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Have Rods....Will Travel.....

The author rigs his truck with these PVC rod tubes that allow him to transport dozens of rods safely.

By Mark Romanack

            Any way an avid angler slices it, transporting fishing rods and reels can be challenging. At Fishing 411 that challenge goes double because on any given trip we are tasked with transporting 20 or more rod and reel combinations.
            Because Fishing 411 is a multi-species television series, we have to be prepared to fish a wide variety of species and also presentations. That adds up to traveling with dozens of different rod and reel set ups.
            Thankfully the rod locker in our STX 2050 Starcraft easily handles up to a dozen fishing rods. While we’re on the water rarely do we need more than a dozen set ups for a day of fishing. The problem comes in when on Monday we’re targeting walleye and Tuesday we have our sights on filming another species like northern pike.
The Fishing 411 crew targets a wealth of freshwater species ranging
from panfish to steelhead pictured here. Staying on top of all those
 fishing opportunities requires traveling with lots and lots of rods.

            To solve this constant problem, the Fishing 411 guys have taken a page out of the professional bass fishing handbook. Anyone who has followed the careers of tournament bass pros has no doubt seen how these guys re-purpose construction grade conduit carriers into traveling fishing rod tubes.
            These rather impressive looking rod tubes made from PVC pipe are mounted to roof racks and down the road they go protecting up to a dozen one piece rods each. Kits are available for 4, 6 and 8 inch conduit with six inch tubes being the most popular and practical choice.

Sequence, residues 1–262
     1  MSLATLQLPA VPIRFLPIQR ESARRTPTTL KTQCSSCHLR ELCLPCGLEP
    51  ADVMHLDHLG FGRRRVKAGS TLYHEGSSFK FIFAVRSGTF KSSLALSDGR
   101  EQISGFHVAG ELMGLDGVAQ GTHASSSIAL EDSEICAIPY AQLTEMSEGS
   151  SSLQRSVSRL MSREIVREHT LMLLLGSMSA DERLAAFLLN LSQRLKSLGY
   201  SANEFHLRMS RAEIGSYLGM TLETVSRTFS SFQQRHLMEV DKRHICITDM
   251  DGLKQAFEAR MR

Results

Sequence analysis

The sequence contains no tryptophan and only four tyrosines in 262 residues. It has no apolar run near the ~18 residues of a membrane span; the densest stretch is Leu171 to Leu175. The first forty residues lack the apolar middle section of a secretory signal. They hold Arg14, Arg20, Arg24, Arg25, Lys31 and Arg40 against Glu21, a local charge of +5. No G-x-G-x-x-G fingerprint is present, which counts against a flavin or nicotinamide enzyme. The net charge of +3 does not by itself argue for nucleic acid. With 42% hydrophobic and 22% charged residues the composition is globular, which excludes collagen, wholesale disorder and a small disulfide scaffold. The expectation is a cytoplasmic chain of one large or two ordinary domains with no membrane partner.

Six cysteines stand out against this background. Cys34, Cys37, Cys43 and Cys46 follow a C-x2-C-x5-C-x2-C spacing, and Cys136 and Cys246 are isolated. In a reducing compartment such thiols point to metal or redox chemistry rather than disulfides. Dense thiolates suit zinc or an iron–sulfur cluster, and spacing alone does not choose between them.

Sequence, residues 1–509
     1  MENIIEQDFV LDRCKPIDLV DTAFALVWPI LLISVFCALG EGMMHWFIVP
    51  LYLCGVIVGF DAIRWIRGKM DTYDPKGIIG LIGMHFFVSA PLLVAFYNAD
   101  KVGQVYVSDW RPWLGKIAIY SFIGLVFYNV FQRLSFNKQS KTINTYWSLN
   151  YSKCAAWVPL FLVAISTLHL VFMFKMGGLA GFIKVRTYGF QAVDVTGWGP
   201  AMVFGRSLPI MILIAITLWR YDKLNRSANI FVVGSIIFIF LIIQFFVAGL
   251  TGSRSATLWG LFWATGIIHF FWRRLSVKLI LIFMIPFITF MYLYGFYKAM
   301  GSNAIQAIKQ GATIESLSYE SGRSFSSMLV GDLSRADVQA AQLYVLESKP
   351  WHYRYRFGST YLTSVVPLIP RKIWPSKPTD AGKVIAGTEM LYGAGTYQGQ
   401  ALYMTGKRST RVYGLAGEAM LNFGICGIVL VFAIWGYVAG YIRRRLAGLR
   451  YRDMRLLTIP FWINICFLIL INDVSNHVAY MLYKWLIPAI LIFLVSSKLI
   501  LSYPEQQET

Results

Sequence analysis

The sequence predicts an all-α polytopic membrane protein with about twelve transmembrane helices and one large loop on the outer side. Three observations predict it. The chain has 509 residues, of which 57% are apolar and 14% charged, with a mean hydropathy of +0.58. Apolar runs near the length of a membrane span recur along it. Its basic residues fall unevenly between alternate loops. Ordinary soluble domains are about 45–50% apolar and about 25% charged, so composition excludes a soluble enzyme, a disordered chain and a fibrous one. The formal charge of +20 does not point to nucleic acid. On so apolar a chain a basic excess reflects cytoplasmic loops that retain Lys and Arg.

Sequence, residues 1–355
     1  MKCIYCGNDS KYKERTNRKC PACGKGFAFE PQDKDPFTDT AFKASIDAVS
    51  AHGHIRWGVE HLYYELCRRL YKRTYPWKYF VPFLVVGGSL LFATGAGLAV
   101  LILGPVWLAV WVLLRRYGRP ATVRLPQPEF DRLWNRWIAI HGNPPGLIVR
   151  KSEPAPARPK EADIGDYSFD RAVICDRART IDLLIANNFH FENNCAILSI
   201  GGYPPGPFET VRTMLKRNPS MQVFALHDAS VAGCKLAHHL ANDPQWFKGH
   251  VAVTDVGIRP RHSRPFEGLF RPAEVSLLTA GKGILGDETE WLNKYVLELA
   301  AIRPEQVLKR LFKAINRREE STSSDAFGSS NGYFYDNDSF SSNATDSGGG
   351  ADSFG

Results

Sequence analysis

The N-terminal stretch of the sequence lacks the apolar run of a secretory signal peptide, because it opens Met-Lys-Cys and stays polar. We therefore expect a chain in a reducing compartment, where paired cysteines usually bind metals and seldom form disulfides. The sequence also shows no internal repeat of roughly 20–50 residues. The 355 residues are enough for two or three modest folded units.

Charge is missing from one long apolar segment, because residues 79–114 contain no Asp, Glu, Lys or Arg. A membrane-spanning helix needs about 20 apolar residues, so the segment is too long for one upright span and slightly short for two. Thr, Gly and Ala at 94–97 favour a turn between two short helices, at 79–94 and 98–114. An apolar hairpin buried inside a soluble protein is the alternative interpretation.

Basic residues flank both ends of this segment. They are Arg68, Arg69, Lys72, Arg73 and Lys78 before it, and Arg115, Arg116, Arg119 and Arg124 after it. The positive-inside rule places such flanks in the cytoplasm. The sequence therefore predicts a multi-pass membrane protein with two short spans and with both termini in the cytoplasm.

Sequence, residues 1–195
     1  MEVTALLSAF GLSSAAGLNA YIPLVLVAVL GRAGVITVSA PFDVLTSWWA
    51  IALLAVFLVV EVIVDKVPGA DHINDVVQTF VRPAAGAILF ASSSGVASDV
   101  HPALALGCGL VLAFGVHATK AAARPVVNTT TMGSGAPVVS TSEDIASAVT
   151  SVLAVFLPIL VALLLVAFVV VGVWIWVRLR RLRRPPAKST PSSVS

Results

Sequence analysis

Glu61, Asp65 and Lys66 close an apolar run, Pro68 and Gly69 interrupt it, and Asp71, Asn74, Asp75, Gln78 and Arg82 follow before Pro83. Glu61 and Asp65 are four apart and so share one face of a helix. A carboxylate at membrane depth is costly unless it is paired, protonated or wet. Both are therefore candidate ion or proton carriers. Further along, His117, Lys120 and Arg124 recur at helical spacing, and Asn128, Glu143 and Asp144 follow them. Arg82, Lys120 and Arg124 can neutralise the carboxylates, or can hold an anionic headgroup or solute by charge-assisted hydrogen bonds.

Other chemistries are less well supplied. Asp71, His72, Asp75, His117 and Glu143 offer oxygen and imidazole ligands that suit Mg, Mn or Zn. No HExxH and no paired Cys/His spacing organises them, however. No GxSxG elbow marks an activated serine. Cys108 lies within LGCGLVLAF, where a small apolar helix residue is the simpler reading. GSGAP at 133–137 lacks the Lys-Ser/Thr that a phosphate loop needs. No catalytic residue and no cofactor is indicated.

For the guy who thinks these are cool and just wants to purchase a set, A.R.E. Truck Caps produces some very nice ones for about $500.00 each. I opted to make my own using a 6 inch kit that includes the end cap, locking hinged front door and the necessary U bolts for mounting to a roof rack. The kits are about $60.00 each and you’ll also need PVC pipe that costs about $20.00 each at the big box lumber stores.
            I painted mine using spray Plasti-Dip a spray rubberized product that works well for painting the rather boring cream colored PVC pipe into more interesting colors to match or contrast with your tow vehicle. Plasti-Dip works well, but first the PVC needs to be sanded with 80 grip paper to provide a better surface for the paint to adhere to.
            Also this unique paint product sprays best when warmer than room temperature. I took a tip from the website and warmed up my cans by putting them in a bucket of warm tap water for a few minutes. A can will cover one eight foot length of six inch PVC pipe. I recommend three or four coats to get a durable and lasting finish.
            The finished PVC pipe rod holders mount easily to a roof rack using the U bolts supplied with the conduit carrier kits. I opted to first mount an off roading basket to my truck and then mounted the PVC rod holders to the basket. The off roading look is pretty cool, provides a place to mount work lights and if I need extra room to carry more cargo the roof basket is ideal.
            The PVC conduit carriers work perfectly for hard to transport one piece rods up to eight feet in length. To give the rods some extra protection in transit, I cut four pieces of two inch thick foam six inches in diameter. One piece of foam fits near the end cap and the other near the door opening. This helps cushion the rods from sudden stops and starts.
            I also recommend bundling the rods before putting them in the PVC conduit carrier. Alternate the rods so the more delicate tips are bundled with heavier butt sections. These simple steps help to protect the delicate rod tips and makes it much easier to put the rods into and also to remove them from the PVC tubes.
            The matching reels are stored in plastic hard boxes designed for transporting hand-guns. Both Flambeau and Plano make these handy and inexpensive cases for transporting fishing reels.

            For about $200.00 and a little handy-man time I was able to fabricate two traveling rod tubes that no doubt will pay for themselves. The conduit carrier option sure makes it easy to travel with fishing rods.